At night the city was lit by red lanterns, and our hostel was no different. Before falling asleep in our four person dorm room, we took our time listening to the sounds of Lijiangs old town ceaseless bustling before our long journey home to Sichuan.

Thursday, April 21, 2011

20 Questions

Recently I have wondered if all of the questions posed to me by family and friends would be much better answered by making a list. Below are the most common questions that I have heard, I hope it will aid you in understanding my service here.

20 Questions
What is the most challenging aspect of life in China?

There are several challenges, as a teacher I would say I am most frustrated by student's apathy towards education. From an early age Chinese students are under a great amount of pressure to perform well. By the time they reach college, however, they seem to associate all areas of study with dry, monotonous preparations for major tests, and not with anything resembling their interests in life. Thus many of the students will choose not to expand their knowledge beyond the bare necessities.
This has been an unfortunate reality for me, as I along with many of my peer volunteers have tried to embrace a more active learning style. Though some students are eager to try something new, others find it is not of any immediate use to them and will choose not to participate.

2. How much of your time is spent preparing for and teaching classes?
Each week I have about 14 hours of class time. Plus prep time, which is about half of that. Also I have office hours (4 hours a week), when students can come chat with us outside of class, and several hours are devoted to the weekly school activities.
I spend the rest of my time studying Chinese and catching up on studies for grad school.

3. What is your relationship with other teachers and faculty?
Although Chris and I have a good relationship with the faculty, especially the office which handles our affairs, we do not often encounter other teachers. Many of them spend few hours at the university after teaching and/or are not willing to speak with us for fear that their English is not good enough. This is another frustration, as neither Chris nor I care in the slightest about their level of English.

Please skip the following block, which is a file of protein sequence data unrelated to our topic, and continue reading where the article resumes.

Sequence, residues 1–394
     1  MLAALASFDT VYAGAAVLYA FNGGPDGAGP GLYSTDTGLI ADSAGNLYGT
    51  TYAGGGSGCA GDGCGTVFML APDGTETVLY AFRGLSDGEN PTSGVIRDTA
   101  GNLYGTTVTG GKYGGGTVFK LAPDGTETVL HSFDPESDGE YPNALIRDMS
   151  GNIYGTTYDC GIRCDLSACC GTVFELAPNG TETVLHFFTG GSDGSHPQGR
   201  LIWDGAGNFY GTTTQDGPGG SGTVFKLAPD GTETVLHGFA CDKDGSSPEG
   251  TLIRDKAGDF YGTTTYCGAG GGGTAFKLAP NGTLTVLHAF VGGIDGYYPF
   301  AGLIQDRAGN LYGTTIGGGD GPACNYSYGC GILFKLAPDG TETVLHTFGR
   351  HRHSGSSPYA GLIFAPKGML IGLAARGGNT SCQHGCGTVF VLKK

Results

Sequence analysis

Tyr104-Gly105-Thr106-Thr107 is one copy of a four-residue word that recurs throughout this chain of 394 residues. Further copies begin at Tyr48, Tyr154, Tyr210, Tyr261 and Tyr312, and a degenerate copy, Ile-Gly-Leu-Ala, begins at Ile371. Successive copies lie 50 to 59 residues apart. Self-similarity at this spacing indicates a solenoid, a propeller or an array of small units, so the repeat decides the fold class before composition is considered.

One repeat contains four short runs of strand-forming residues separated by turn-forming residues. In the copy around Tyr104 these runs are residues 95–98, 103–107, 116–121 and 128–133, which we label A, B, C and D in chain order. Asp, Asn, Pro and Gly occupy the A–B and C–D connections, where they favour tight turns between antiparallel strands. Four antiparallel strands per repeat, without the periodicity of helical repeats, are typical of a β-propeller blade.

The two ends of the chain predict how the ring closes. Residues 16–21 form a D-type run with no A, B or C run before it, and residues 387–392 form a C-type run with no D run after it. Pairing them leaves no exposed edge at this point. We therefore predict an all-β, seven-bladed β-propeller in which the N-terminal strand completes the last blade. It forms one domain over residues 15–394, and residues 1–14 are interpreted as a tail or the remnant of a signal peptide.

4. What are the students like?
Students are exceptionally obedient and hardworking. Though many seem unenthusiastic about learning, they are nonetheless eager to succeed. According to custom, Chinese teachers are looked upon with great respect. For this reason, students have impressed me with their politeness.

5. Where do your students come from?
Most come from farmer or worker families around Sichuan. However, there are the occasional few who come from far eastern provinces such as Zhejiang, Hunan, Jiangxi, etc.

6. What kind of career choices do your students choose?
Many of my English major students will become teachers, though few have ambitions to do so. Several have expressed interest in office work or various business positions. Most also want to go abroad, despite the difficulties.

7. How does Yibin University rank against other schools in China?
The school is not well known nationally, but compared with other schools in Sichuan it is not so bad. Many of the students will tell you that they are there because they did poorly on their 高考Gao Kao (college entrance exam). I would have to say, though, that the school is developing quickly and is already nicer than many of the other universities I have seen outside Chengdu.

8. How does the school rate students?
As with all schools in China, the educational training (for English, anyway) is solely in preparation for the next test. My students will take two major national English examinations. If they fail the tests, they fail the school.

9. What does the average volunteer do with their free time?
Study Chinese, go bike-riding, read, hold student club meetings for movies, running, reading, etc., explore China, learn Tai-Qi, go out and meet Chinese friends and/or play mahjong.

10. Do you have Chinese friends? If so, do you hang out with them during your free time?
Yes and yes. My Chinese tutor and I are good friends, as well as some of the other teachers and local residents that I have met. On the weekends I will invite them to a movie or we will go out to dinner. Luckily my Chinese friends and I can speak comfortably in either English or Chinese so communication is easy. On occasion we will also go to KTV (karaoke, hugely popular in China), but I loathe singing and tend to avoid it.

11. What sort of cultural differences exist between you and your Chinese friends?
So many, but not as many as you might think. Depending on who you speak with the cultural differences can be large to insignificant. For example, my tutor is familiar with many western habits and humor and so is easier to speak with. However, when speaking with my students I often feel a disconnect, usually because many of them remind me of teenage girls obsessing over High School Musical.
Similarly, many Chinese have different ways of enjoying themselves. They tend to favor large dinner celebrations with great amounts of drinking, going out to do Tai Qi or playing mahjong. Also, as I have mentioned, most love KTV.